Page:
Understand, I do not begrudge anyone from earning a profit, nor do I have anything personally against the entrepreneurial spirit. We should all do what we can to better ourselves. However, I am of the position that health care is not a privilege, but a right. As well, I reason that we are all morally obligated to ensure that each of us has access to it. That the United States does not have a national health care program is a major moral failure, and what we have in place is little more than a venue for unethical profiteers within the pharmaceutical and insurance industries.
Private charities perform an admirable service, but they cannot and do not replace quality, long-term or day-to-day health care and diagnostic services. They do not provide the equipment and/or durable medical goods that many people require, nor do they provide the necessary follow-up services and continuing care provisions. They are stop-gap measures, much like Emergency Room visits. As well, there are not nearly enough private philanthropists to take this on in similar fashion.
When I became ill, my insurance company dropped me and I was unable to get any health care due to several pre-existing conditions. During the many years I had no access to proper medical care, my conditions – already degenerative and incurable – were allowed to progress, unfettered.
Consequently, in a little over one year after losing my health insurance and trying to keep up with skyrocketing medical expenses, the results were catastrophic. I lost my business (and those working for me lost their jobs), my home was foreclosed, I had two vehicles repossessed and blew through my entire life savings. Yes, I was able to take advantage of some charity, but overall, I was in the wind.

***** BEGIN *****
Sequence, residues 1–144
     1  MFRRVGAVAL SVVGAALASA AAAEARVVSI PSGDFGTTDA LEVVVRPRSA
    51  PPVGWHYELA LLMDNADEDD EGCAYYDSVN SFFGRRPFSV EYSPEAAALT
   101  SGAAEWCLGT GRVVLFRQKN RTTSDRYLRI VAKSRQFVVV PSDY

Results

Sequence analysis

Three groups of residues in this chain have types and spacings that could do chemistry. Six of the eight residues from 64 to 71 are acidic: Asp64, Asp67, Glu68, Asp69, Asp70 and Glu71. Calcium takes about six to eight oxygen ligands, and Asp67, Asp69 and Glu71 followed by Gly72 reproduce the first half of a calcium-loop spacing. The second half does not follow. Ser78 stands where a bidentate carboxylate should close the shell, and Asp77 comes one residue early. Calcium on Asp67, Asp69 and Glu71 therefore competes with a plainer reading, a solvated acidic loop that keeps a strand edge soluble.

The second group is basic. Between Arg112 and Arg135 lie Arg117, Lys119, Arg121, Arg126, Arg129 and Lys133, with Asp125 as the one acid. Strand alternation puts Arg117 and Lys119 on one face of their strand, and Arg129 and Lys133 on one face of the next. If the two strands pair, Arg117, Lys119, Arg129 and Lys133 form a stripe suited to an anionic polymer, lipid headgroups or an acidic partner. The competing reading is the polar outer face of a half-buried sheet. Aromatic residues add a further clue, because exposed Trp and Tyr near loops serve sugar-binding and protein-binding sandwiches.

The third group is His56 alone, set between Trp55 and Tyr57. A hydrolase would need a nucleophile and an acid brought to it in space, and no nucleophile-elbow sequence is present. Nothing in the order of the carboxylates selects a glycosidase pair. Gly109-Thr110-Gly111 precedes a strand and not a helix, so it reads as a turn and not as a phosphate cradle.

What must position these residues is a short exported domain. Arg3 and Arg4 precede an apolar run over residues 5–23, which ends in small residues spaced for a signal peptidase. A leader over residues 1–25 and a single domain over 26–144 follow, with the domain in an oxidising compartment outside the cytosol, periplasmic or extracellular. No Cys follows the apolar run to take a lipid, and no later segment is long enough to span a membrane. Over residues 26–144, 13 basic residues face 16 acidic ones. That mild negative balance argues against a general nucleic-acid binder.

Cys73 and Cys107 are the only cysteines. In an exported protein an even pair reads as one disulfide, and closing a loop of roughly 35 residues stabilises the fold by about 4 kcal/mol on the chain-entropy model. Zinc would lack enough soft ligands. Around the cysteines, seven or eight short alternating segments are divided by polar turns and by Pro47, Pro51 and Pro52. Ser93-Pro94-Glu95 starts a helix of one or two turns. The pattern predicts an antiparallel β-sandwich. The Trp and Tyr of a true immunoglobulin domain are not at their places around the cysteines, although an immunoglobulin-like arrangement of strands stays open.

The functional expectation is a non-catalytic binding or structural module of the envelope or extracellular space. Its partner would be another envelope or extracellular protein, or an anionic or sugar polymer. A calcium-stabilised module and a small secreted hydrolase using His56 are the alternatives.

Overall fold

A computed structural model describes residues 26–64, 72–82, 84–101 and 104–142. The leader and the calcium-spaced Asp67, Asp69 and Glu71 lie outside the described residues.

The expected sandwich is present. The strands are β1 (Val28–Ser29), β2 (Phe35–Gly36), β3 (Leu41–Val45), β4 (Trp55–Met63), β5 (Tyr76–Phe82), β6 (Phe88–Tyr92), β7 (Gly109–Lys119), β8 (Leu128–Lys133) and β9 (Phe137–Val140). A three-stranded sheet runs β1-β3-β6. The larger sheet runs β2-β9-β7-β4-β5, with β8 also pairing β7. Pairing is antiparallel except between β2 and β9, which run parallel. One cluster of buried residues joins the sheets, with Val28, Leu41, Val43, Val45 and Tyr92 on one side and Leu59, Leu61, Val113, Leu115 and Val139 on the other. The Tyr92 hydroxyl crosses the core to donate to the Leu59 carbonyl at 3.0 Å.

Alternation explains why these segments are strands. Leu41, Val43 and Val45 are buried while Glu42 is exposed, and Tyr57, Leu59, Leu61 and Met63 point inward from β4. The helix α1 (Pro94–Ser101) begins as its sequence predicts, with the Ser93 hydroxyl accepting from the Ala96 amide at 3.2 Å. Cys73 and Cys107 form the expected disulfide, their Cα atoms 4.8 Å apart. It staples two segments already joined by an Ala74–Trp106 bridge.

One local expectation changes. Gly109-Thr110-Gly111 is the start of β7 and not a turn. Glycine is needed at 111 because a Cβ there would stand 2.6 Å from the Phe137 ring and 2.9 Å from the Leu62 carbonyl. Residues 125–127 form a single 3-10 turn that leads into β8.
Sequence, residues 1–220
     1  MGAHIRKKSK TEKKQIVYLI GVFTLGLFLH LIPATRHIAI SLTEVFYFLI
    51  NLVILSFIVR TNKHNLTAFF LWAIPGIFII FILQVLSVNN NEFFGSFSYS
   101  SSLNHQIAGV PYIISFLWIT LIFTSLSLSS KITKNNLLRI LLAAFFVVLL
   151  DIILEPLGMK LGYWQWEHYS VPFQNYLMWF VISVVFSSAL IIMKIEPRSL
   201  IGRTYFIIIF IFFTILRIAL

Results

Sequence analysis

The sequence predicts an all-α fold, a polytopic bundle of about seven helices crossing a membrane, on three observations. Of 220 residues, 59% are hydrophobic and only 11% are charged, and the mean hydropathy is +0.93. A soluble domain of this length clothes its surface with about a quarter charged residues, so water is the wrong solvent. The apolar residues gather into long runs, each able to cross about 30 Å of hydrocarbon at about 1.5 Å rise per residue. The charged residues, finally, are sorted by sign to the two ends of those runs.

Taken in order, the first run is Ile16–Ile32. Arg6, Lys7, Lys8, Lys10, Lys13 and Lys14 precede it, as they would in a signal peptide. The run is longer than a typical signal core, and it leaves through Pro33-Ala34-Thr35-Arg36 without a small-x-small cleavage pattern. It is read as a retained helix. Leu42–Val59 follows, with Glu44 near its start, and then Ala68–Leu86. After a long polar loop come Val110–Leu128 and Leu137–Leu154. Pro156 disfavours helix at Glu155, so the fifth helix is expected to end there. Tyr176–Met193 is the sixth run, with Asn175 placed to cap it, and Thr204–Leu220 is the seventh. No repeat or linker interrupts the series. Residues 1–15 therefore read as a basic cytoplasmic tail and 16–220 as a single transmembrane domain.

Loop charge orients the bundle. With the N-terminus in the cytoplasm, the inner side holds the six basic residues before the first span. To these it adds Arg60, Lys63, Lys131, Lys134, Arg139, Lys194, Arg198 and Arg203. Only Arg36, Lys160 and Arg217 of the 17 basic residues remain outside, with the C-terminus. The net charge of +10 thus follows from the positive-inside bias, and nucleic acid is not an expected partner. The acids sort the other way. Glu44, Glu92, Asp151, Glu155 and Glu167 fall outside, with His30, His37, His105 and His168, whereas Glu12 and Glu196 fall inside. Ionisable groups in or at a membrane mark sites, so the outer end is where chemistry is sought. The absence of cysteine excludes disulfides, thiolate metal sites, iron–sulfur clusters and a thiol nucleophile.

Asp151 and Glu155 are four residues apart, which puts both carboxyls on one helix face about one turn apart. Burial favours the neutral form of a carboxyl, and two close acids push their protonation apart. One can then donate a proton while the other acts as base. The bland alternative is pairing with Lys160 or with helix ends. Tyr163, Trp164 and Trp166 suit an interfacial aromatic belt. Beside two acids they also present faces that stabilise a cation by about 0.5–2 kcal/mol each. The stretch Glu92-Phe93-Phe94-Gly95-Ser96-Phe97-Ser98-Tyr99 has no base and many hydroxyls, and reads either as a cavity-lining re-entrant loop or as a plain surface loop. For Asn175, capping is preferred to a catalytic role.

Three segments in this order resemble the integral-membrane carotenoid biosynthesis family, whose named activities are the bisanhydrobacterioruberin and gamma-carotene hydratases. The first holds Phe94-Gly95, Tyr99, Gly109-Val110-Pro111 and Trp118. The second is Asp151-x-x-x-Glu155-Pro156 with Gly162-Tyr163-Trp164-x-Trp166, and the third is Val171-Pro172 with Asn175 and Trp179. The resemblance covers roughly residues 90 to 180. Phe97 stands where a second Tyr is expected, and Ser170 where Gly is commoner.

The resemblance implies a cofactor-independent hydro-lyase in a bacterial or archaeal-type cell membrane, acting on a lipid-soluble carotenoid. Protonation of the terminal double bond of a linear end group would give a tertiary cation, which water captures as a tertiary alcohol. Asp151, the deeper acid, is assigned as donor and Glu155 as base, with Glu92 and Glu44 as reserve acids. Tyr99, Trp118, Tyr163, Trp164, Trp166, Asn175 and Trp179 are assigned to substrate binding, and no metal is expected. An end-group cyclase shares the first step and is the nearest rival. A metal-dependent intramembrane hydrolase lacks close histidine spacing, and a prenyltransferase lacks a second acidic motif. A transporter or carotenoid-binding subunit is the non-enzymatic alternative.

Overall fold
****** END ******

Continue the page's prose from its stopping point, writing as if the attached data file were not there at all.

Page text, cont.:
By the time I got approved for Medicare, my unpaid medical bills exceeded half a million dollars. These bills will never be paid, which makes me a permanent debtor with horrible credit, unable to contribute anything even appreciable to the GNP as I cannot get loands, credit cards or anything else that requires payment other than cash. This also increases the costs of health care for those who have insurance. Their premiums, deductibles, co-pays and overall costs are going to rise because of people like me – the disabled.
To those who say that I should “do the right thing” and pay down this debt, I might as well piss into a hurricane. My Social Security Disability income totals about $13,000.00 per year, not inlcuding my Medicare premiums are deducted and allowing for co-pays and deductibles. That is the equivalent of a full time job that pays about five bucks an hour.
With proper medical care, I might have been able to work for another five years and kept others employed, as well. Due to the lack of access to proper health care, I was prematurely thrown into the ranks of the unemployed for the simple reason that I was (and still am) unemployable.
So, the question remains. Should those who are employed (including employers) be mandated with the responsibility of paying higher taxes to shoulder the medical needs of an entire nation, including those who have no way to contribute to the cost of a national health service?
In a word, yes. They should, and they should do it knowing that a healthy society will prosper, but a society that is burdened with insurmountable, bankrupting and mentally debilitating medical costs that are generated by private industry will not.